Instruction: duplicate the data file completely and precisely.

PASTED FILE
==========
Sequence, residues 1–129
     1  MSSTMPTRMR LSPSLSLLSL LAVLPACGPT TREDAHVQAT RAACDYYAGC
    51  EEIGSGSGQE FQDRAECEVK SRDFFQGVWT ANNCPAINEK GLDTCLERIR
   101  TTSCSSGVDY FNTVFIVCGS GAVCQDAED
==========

Sequence, residues 1–129
     1  MSSTMPTRMR LSPSLSLLSL LAVLPACGPT TREDAHVQAT RAACDYYAGC
    51  EEIGSGSGQE FQDRAECEVK SRDFFQGVWT ANNCPAINEK GLDTCLERIR
   101  TTSCSSGVDY FNTVFIVCGS GAVCQDAED